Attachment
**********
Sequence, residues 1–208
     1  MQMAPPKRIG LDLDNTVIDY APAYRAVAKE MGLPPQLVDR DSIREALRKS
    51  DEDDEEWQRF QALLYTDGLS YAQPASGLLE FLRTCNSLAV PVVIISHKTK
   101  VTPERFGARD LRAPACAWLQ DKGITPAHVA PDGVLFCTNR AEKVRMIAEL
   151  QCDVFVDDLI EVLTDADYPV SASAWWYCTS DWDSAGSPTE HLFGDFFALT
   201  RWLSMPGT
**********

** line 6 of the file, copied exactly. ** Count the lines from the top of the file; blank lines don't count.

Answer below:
   201  RWLSMPGT